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Dying To Be Famous: Losers in Space by John Barnes

In 2129, the world would seem to be a much better place. Peace and prosperity are available to all, with only a small percentage of the population needed to perform essential functions. Technology has advanced to the point where robots and automation handle almost everything, genetic engineering is common, and in-system space travel is well-established.

Under the aegis of the Permanent Peace and Prosperity (PermaPaxPerity), 96% of the population have become classified as “mineys,” those who live on the social minimum and pursue their various hobbies. Less than 1% are “meanies,” the sociopaths and criminals who aren’t satisfied with the status quo. 3% fall into the “eligible for employment,” or “eenies.” They’re the celebrities, superstars, entertainers. The truly rich and powerful. You’re not born an eenie, you become one. Even the children of eenies must work towards this goal; nothing is given, only earned. And so there are the inevitable disappointments, the failures, the losers. Or, as they put it, the “moes.” (Tell me you didn’t see that one coming.)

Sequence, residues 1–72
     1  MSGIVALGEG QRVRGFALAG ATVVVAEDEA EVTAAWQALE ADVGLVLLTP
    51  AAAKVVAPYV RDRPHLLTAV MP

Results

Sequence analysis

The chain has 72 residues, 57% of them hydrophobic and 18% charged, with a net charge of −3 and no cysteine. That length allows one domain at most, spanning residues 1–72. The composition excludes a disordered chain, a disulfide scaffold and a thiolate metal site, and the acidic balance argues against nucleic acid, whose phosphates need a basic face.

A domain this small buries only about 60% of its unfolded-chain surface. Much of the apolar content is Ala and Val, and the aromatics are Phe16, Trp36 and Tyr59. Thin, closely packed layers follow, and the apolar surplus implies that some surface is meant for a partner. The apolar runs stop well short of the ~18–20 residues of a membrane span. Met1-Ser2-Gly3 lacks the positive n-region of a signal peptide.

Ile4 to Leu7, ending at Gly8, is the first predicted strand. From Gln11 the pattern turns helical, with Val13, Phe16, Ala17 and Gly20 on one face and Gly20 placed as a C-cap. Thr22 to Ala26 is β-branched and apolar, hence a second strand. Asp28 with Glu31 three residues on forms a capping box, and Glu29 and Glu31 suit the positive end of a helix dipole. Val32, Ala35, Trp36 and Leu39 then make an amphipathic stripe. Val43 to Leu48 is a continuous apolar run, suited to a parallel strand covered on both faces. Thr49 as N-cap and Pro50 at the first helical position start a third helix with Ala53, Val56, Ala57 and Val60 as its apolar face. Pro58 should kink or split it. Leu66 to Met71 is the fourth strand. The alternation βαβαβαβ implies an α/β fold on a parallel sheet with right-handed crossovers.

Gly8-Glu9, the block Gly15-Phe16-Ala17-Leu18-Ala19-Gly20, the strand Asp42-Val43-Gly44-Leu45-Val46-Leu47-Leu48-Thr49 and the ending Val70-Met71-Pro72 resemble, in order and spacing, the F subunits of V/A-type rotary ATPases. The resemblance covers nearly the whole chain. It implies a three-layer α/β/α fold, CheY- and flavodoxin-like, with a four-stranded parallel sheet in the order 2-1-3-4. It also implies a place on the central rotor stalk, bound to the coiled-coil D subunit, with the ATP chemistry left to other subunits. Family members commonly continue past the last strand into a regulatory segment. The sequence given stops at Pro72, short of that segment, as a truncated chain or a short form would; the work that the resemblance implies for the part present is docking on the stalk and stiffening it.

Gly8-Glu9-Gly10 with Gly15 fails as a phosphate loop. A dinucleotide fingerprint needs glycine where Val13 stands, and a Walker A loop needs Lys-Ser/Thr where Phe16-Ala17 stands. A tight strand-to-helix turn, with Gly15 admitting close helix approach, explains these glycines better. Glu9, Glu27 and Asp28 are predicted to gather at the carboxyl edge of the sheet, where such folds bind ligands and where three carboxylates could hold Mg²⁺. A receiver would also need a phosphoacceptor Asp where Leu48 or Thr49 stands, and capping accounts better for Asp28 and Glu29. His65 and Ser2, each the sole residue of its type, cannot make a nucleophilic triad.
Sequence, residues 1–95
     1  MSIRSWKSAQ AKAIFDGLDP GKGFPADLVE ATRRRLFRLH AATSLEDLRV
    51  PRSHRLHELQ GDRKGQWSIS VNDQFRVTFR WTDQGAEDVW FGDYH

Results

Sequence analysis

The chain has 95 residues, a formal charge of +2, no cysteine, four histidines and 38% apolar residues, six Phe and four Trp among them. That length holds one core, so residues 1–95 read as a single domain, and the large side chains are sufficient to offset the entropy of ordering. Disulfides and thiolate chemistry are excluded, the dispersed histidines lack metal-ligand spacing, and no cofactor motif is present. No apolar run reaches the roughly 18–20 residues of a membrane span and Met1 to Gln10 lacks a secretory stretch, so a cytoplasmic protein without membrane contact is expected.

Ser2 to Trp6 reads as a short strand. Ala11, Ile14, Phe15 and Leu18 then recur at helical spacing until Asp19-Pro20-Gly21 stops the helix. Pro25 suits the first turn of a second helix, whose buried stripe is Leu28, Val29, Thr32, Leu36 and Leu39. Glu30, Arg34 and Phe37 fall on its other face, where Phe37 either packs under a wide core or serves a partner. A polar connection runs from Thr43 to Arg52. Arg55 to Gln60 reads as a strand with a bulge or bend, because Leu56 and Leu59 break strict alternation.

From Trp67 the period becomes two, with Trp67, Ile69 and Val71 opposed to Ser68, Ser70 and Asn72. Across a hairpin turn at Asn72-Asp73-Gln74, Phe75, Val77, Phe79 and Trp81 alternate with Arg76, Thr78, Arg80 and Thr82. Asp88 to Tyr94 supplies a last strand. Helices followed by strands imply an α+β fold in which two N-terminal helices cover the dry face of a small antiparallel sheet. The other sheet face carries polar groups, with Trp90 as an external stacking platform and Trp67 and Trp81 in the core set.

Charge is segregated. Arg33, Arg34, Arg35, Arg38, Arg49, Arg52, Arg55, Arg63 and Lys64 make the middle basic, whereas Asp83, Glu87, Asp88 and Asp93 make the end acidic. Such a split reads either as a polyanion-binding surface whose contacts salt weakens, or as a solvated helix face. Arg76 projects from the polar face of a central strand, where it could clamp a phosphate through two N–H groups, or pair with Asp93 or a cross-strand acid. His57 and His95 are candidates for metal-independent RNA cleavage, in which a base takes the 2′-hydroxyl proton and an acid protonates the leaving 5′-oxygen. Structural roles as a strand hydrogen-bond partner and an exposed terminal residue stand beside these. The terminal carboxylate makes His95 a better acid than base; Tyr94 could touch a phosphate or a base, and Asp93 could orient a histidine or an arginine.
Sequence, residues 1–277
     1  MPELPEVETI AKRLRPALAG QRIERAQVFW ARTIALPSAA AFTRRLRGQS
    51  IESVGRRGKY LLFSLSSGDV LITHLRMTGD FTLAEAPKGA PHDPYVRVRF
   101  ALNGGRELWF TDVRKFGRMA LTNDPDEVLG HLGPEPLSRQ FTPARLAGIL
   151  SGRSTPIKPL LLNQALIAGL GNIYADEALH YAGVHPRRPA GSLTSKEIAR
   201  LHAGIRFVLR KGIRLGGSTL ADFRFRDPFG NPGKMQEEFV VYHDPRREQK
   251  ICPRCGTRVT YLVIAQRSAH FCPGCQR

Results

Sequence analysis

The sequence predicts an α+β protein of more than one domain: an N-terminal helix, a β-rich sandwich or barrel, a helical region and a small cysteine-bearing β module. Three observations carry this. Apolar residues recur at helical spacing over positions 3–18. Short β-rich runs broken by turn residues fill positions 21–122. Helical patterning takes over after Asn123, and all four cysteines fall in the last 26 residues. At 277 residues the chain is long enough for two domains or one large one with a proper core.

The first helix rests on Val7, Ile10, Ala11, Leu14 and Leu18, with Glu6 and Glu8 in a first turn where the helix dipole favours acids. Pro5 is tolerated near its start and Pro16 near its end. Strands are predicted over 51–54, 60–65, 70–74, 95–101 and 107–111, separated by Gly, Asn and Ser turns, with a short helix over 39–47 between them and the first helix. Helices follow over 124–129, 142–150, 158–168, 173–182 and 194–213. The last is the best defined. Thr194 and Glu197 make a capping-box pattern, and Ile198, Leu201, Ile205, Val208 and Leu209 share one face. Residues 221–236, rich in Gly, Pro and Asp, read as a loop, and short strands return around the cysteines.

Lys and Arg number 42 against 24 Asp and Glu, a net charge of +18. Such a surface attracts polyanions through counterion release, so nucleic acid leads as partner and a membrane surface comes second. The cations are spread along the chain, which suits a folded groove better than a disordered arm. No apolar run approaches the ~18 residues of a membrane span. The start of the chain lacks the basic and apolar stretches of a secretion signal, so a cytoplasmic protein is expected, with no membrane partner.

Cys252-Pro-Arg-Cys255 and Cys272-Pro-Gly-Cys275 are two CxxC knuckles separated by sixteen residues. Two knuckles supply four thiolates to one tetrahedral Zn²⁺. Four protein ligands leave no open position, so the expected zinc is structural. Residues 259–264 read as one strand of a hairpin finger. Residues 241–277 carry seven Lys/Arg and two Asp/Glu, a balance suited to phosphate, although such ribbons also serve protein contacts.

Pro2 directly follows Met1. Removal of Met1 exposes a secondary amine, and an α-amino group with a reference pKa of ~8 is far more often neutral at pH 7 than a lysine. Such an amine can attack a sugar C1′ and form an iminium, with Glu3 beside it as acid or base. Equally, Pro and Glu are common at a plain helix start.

This is the story of a group of moes with a grandiose, foolhardy, even reckless plan to become eenies: They’re going to stowaway on a flight to Mars, become famous, and use that to jumpstart their eenie careers. What could possibly go wrong with that plan?

Everything starts off well. Susan, Derlock, Glisters, Stack, F.B., Fleeta, Emerald, Marioschke, and Wychee manage to sneak onto the Virgo as it heads for Mars. Ideally, the whole thing will only take a few weeks. Unfortunately, soon after that, an explosion cripples the ship, kills the crew, disables communications, and sends the stowaways onwards to Mars with no one knowing they’re there. They have plenty of supplies, but no way to call for help, and only a small margin for error. Assuming they can even control the ship. First things first, they set up a chain of command, get things in order, and hope for the best.

Unfortunately, Marioschke is a total flake. Fleeta’s brain-damaged from the use of a drug called happistuf, F.B. has no confidence, Stack’s a bully, and Derlock is a ruthless, unrepentant sociopath. Oh yeah. This is going to go so well.